One way to have materials for a particular project or course is to carefully plan ahead, order what you think you will need and go from there. This is the idealized option, but it does not account for changes you would like to make in the curriculum, student numbers or even course changes that may occur in your teaching schedule as administration deems necessary.
Building an organized inventory of parts and materials over the course of several years will permit you the freedom to choose the STEM projects that interest you personally and are most relevant to the students in the particular courses you teach.
An inventory of electronic parts is a great first step in this direction, and can usually be obtained quickly, inexpensively and in a fun, engaging way for students. You can get hundreds of dollars worth of parts from things that you, your district and your students already have.
Get Them While You Can
If you have not spent the time developing a good relationship with the person or persons in charge of district surplus items and disposal, Now is a good time. Every school district gets rid of obsolete and malfunctioning electronics on a regular basis. These include computers, dvd players, vcrs, and the mother lode of parts, the copy machine. Some store the items in a warehouse or unused class room, some have them picked up for recycling and others may attempt to sell these pieces at auction.
Most districts are more than happy to unload these discards at your class room doorstep. Just be sure that they understand you will only be extracting what you need from these devices, and the remainder will still need to be disposed of in a safe and legal manner by the district.
You can add to the mix as well by asking friends and colleagues for their broken electronics, and visiting a garage sale once in a while should yield some good finds as well. If appropriate for your particular school, students can be an excellent resource for broken electronics. Be sure to send home a note explaining what it is you are trying to accomplish, the need for proper safety precautions, and a list of wanted items that students may bring. You will be amazed at how many old dvd players and video game consoles you can get this way.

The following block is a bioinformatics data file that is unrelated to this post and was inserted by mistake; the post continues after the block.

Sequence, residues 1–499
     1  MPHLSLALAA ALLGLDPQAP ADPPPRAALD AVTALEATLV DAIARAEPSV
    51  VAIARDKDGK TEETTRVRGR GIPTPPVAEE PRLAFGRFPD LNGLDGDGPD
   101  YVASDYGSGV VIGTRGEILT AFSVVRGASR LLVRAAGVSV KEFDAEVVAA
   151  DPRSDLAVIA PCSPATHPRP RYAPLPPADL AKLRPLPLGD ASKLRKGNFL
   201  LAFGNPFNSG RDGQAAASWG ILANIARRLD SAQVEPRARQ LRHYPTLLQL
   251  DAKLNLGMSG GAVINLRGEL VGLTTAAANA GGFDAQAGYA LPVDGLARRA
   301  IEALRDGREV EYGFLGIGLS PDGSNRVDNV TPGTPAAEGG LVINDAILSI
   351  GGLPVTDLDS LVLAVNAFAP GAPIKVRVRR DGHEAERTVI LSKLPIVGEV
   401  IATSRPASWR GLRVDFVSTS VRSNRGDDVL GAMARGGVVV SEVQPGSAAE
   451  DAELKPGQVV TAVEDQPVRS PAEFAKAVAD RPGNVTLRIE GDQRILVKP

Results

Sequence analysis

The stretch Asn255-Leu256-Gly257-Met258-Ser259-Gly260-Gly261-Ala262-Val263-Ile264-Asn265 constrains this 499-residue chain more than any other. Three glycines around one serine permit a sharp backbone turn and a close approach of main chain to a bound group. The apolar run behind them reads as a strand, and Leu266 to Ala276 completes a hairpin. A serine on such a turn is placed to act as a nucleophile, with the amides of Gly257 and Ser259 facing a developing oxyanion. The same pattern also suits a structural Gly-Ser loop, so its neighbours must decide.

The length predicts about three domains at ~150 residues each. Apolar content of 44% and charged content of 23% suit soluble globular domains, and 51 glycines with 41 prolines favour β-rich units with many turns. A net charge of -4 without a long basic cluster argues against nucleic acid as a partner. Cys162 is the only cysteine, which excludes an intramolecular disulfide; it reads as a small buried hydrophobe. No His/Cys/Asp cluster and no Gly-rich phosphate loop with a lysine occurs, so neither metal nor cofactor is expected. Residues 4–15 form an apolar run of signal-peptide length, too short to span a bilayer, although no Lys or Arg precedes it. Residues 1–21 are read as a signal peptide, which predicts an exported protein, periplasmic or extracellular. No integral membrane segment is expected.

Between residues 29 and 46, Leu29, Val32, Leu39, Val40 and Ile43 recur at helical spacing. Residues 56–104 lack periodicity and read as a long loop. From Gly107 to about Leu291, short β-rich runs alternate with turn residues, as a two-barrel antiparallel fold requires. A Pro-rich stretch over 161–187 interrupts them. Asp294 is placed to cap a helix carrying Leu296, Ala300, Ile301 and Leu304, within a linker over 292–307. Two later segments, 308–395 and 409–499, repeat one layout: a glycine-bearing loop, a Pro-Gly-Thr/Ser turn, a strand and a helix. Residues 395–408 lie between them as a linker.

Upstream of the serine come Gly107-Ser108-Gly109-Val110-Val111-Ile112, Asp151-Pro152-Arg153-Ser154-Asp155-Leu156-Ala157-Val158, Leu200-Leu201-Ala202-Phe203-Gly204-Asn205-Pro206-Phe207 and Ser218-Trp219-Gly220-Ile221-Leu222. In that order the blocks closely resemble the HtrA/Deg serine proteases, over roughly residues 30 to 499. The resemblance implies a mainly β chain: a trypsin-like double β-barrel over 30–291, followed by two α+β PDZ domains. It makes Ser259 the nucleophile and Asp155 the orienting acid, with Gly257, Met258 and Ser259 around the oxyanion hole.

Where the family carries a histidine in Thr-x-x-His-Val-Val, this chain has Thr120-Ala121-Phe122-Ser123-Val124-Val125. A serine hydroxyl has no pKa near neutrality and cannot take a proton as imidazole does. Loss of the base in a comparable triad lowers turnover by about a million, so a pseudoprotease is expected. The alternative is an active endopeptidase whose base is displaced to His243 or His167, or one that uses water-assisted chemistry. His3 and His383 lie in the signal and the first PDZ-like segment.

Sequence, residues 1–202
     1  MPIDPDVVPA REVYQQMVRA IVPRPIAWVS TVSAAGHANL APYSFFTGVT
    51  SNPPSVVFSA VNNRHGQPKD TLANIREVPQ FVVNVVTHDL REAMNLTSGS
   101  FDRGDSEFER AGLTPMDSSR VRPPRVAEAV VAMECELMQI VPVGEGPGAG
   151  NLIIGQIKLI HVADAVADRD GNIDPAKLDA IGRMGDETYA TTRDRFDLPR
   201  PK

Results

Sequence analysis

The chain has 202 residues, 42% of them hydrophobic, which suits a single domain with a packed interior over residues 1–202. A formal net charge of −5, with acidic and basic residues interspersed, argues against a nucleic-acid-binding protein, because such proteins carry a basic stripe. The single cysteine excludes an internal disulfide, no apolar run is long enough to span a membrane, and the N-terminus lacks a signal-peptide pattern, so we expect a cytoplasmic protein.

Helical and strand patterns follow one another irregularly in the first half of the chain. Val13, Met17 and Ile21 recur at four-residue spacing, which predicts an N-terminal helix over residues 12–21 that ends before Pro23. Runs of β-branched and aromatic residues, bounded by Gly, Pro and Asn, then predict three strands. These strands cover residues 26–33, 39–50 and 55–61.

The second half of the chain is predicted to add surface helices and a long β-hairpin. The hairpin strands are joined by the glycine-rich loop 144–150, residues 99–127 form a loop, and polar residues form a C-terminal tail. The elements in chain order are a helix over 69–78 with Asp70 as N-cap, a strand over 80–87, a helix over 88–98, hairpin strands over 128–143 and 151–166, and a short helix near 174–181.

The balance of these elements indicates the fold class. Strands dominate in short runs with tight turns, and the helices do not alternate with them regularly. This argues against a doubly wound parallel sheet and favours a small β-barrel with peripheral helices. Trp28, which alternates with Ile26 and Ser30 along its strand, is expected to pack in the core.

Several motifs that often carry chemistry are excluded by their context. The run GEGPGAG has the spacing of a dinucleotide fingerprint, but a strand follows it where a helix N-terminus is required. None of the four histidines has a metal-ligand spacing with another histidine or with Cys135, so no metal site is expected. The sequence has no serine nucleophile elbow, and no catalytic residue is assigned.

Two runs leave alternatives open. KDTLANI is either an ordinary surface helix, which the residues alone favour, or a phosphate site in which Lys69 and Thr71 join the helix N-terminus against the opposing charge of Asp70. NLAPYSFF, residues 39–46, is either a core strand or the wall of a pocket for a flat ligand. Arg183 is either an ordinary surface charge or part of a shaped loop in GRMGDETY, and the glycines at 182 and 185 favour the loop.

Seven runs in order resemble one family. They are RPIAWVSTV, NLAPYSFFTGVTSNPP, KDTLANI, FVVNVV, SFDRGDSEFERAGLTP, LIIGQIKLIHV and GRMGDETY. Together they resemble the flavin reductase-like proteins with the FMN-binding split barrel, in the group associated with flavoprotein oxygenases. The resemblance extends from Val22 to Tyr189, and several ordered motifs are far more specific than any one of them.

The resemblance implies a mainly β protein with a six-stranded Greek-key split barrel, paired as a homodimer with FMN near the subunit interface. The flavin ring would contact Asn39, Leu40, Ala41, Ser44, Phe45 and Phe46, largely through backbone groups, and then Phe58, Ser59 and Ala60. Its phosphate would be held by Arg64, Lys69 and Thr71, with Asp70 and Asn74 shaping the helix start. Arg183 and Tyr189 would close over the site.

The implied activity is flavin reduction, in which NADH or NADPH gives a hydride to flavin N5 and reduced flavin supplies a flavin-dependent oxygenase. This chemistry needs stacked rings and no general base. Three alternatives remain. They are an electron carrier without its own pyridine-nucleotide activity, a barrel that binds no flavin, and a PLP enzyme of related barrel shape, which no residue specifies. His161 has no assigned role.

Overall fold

Do’s and Dont’s
Electronics can be somewhat dangerous if mishandled. Be sure that no cords are plugged, and they have sat unplugged for at least several days before working on electronic devices.
What exactly will you need to provide you with a useful variety of inventory in electronics? The key question is simple: Does it have moving parts? If the answer is yes, you can probably use something from that machine. This means saying no to TVs, Monitors, and the like. They can be a dangerous source of high voltage even if not plugged in, and do not provide much in the way of useful parts for most teachers.
You can pull the parts yourself if your situation warrants it. It is a great way to familiarize yourself with the process and get ideas on how to organize and make use of the items you will find. The best way is if students can be directly involved in extracting parts. It takes on a treasure hunt-like atmosphere, and students exclaim proudly about their latest find, trying to out do each other as quickly as possible. Most importantly, they develop questions about what these parts are, how they work, and use hand tools to get them out. Students should also be a part of organizing the parts, and classifying what they find into a system is a valuable lesson in and of itself. Form or function? Color or size? Let students decide until later when you help fill in exactly what these strange looking parts really are.
Students will need to wear protective goggles during any and all activities related to pulling parts from electronics. That includes anyone in the room, because pieces do occasionally fly at a high rate of speed across the room as they are being worked on. In addition, inexpensive gloves to protect the hands from cuts and scrapes is a good idea.
Common hand tools will be enough to retrieve just about any part. Take the opportunity to explain to students how to use these tools. Many have never held a screwdriver or wrench before! A variety of sizes of philips screwdrivers will be the most used tools. Flat head screwdrivers will come in handy to pry off plastic pieces, but are rarely needed to turn a screw. A pair or two of wire cutters should be enough, as well as a couple of pairs of pliers. You should also have on hand several Torx drivers, and hex head (also known as Allen) wrenches. For the most part electronics are imported and use metric sized screws and bolts, so be sure any tools you buy are metric as well. Students should be certain to use correctly sized and types of tools when pulling parts, or the tool may be ruined and the screw head stripped rendered unmovable without cutting them out.
Best of the Best
Be sure and express your enthusiasm when student make a particularly good find. Remember, this is fun! Here are some of the most useful things you should expect to get from electronic devices to add to your Inventor’s Inventory:
Gears and Gear Shafts
Drive Belts and Pulleys
Cooling Fans and Motors
Wires and Connectors
Buttons and Switches
Stay tuned for further TeachSTEMNow.com articles and turnkey lessons on how to use these parts now in your STEM classroom.